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Long-distance truck drivers are paying bribes to evade coronavirus testing at the Uganda-Kenya border, the head of Uganda's Professional Drivers Network said. Omongo Ndugu, who is also the vice chairperson of the Uganda Long Distance and Heavy Truck Drivers Association, said drivers and their associates pay bribes of between $14 and $40 to get a certificate indicating negative status, or to cross the border without being tested. Drivers are required to be designated as COVID-19-free before they can cross the border into any east African country.
Nearly 40 South Sudanese students who went to Cuba and Zimbabwe for higher education say they are stuck in those countries with no money for food, transportation or a plane ticket home. A South Sudanese Education Ministry official blamed the Finance Ministry for failing to release funds to cover the students' stipends and arrears to universities, but a Finance Ministry official insisted the students are not on government scholarships. Twenty-eight South Sudanese students are stranded in Zimbabwe and 11 more are stuck in Cuba.
CAIRO: Amid measures taken to prevent the spread of the coronavirus, 24 million Egyptian students have started their academic year in 56,000 different schools. School leaders spent the first day of school making announcements to students about essential hygiene and how to prevent the spread of COVID-19. There was generally a high turnout of students in most schools, despite
Malawi has recorded a 57% increase in suicides since the start the coronavirus pandemic. Psychologists blame loss of hope in dealing with social distancing and economic problems from COVID-19. Emily Luangwa recalls how her brother was under pressure to repay a loan from his creditors before he took his own life in August. She says because of COVID-19 his business was not running normally. Due to pressure from creditors, she says, he tried to sell some farm produce but it was not enough to meet the amount we borrowed.
RIYADH: The King Salman Humanitarian Aid and Relief Center on Tuesday distributed over 42 tons of food items among flood victims in Khartoum, Sudan. In addition to sending aid to flood victims, the Kingdom is also assisting the country in its fight against the coronavirus disease (COVID-19) pandemic. Earlier this week, the center handed over 100 tons of dates as a gift from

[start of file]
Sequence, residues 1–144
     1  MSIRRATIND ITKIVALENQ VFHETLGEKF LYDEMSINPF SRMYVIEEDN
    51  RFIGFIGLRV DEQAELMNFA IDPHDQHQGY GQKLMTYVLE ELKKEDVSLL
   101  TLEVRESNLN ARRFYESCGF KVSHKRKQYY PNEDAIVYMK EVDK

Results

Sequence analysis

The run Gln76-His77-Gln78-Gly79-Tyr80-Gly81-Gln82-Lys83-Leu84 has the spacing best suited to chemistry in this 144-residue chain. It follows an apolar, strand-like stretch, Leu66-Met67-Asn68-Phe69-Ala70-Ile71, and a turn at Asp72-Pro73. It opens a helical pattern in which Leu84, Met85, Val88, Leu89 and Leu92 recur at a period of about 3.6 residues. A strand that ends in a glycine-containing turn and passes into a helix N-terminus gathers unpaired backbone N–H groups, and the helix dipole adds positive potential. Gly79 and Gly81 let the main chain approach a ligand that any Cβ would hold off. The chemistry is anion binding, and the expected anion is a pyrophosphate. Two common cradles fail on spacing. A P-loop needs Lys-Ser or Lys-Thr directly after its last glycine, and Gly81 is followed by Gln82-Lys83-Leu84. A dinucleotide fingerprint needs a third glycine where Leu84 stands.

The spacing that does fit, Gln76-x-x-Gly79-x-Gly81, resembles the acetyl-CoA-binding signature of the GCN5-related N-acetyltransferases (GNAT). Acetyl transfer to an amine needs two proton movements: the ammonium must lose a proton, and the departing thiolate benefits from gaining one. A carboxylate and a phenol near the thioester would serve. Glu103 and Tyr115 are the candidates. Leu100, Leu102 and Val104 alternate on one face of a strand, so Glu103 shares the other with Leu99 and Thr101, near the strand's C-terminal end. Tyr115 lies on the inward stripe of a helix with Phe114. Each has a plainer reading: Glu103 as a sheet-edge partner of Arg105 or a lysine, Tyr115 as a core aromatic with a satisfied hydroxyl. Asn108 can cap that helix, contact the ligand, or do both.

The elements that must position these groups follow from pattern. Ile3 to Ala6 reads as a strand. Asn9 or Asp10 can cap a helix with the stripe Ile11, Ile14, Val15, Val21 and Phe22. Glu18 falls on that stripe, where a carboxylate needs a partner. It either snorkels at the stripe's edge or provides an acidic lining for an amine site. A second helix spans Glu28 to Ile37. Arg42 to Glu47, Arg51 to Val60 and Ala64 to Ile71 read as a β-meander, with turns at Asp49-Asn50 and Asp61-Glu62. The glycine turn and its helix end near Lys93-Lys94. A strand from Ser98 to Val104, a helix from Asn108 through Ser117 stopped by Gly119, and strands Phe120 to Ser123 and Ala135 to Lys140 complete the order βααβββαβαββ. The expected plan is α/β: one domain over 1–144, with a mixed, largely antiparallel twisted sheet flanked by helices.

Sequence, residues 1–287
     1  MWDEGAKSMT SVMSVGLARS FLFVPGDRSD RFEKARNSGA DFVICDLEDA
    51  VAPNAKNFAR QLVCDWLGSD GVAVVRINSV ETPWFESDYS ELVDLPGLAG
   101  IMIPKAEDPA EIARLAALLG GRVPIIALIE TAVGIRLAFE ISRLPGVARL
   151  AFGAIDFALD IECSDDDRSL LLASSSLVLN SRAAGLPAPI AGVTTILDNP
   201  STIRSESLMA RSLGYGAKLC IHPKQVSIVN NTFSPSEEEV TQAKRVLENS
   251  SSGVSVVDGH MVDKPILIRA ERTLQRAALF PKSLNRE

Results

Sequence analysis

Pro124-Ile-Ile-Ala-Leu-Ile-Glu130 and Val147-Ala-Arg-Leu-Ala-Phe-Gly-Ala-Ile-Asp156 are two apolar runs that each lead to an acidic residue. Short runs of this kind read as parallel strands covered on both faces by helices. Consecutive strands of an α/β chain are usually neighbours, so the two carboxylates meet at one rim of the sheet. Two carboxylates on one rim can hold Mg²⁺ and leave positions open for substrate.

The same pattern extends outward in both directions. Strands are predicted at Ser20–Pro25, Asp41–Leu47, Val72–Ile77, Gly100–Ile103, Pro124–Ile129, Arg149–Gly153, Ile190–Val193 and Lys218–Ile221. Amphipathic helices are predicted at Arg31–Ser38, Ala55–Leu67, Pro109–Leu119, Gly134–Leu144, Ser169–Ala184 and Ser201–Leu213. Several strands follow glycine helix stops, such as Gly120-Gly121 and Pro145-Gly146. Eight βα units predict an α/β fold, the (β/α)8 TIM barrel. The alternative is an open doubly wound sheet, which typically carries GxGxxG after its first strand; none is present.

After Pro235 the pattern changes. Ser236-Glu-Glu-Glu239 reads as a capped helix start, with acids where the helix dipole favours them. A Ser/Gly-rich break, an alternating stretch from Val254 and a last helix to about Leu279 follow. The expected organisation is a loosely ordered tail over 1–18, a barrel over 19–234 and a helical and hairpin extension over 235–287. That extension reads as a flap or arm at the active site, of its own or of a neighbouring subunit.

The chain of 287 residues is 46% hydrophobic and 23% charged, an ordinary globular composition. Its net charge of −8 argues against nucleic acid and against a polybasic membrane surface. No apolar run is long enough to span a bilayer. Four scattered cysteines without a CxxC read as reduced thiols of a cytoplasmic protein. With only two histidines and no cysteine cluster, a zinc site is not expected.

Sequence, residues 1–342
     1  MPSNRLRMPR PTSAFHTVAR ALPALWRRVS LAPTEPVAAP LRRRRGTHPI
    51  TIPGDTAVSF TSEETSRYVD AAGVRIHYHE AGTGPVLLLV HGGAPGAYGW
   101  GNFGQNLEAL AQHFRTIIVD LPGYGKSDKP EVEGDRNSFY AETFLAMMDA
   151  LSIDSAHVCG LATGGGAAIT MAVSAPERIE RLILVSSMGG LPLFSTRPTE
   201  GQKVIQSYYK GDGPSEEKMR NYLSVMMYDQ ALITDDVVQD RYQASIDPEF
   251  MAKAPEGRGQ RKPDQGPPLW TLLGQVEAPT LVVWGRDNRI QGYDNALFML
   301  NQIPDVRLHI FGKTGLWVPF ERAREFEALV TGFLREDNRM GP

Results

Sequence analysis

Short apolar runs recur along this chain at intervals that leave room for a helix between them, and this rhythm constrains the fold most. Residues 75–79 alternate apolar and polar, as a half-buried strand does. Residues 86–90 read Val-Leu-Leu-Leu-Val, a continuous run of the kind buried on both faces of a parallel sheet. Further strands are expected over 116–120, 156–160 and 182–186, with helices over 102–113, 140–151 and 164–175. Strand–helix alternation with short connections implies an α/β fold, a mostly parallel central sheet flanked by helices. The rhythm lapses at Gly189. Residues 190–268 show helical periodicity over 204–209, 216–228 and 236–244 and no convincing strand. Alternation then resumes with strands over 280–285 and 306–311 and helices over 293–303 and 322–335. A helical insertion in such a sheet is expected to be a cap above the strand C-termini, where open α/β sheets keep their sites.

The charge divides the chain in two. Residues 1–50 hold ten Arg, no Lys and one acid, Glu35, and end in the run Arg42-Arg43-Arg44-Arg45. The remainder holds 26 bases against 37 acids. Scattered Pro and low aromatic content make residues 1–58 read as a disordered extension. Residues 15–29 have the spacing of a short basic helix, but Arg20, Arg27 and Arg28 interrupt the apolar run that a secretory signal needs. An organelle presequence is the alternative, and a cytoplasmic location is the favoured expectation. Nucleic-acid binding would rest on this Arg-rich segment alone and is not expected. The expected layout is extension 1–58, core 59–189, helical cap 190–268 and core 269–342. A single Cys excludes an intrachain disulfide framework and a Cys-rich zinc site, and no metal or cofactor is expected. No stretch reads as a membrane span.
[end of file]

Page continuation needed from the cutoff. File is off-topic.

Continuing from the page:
COPENHAGEN: The world’s biggest container shipping line, Maersk, said demand was recovering faster than expected and lifted its earnings outlook, while also announcing plans to cut 2,000 jobs as it streamlines to cut costs. Maersk, which handles about one in five containers shipped worldwide, said that though cargo volumes were still down on last year they had picked up more
LONDON: A migrant who traveled with a Sudanese refugee who drowned in the English Channel in August has arrived in the UK after risking the same journey again. Ahmed Fadol Adam, 21, spent five years enslaved in Libya. He used a dinghy with 11 other Sudanese migrants on Sept. 29 to make the journey from France to Britain, The Guardian newspaper reported. It was his fifth
The United Nations is warning that Africa’s Sahel region is facing a confluence of factors that are pushing the region deeper into poverty, hunger and the hands of extremists. The U.N. says that if the international community does not invest attention and money to stop the problem now, the consequences could spread beyond the region in the coming years. “We may be approaching a tipping point beyond which it will be much, much, more difficult and expensive to change the trajectory,” U.N.
Following a referendum, oil-rich South Sudan seceded from Sudan in 2011 and became an independent nation. Having been deprived of investment for decades, it inherited one of the least developed telecommunications and internet markets in the world, while other infrastructure is also lamentably poor.
U.N. agencies are operating on a shoestring budget in the Sahel region. The United Nations reports they will need $2.4 billion through the coming year to provide life-saving assistance to more than 13 million people, over half of them children, in Mali, Burkina Faso and Niger. The U.N. children's fund reports multiple crises in the Central Sahel, including a surge in armed violence. The economic fallout from COVID-19 is worsening conditions for children. UNICEF spokeswoman Marixie Mercado said more than a million children have been forcibly displaced from their homes.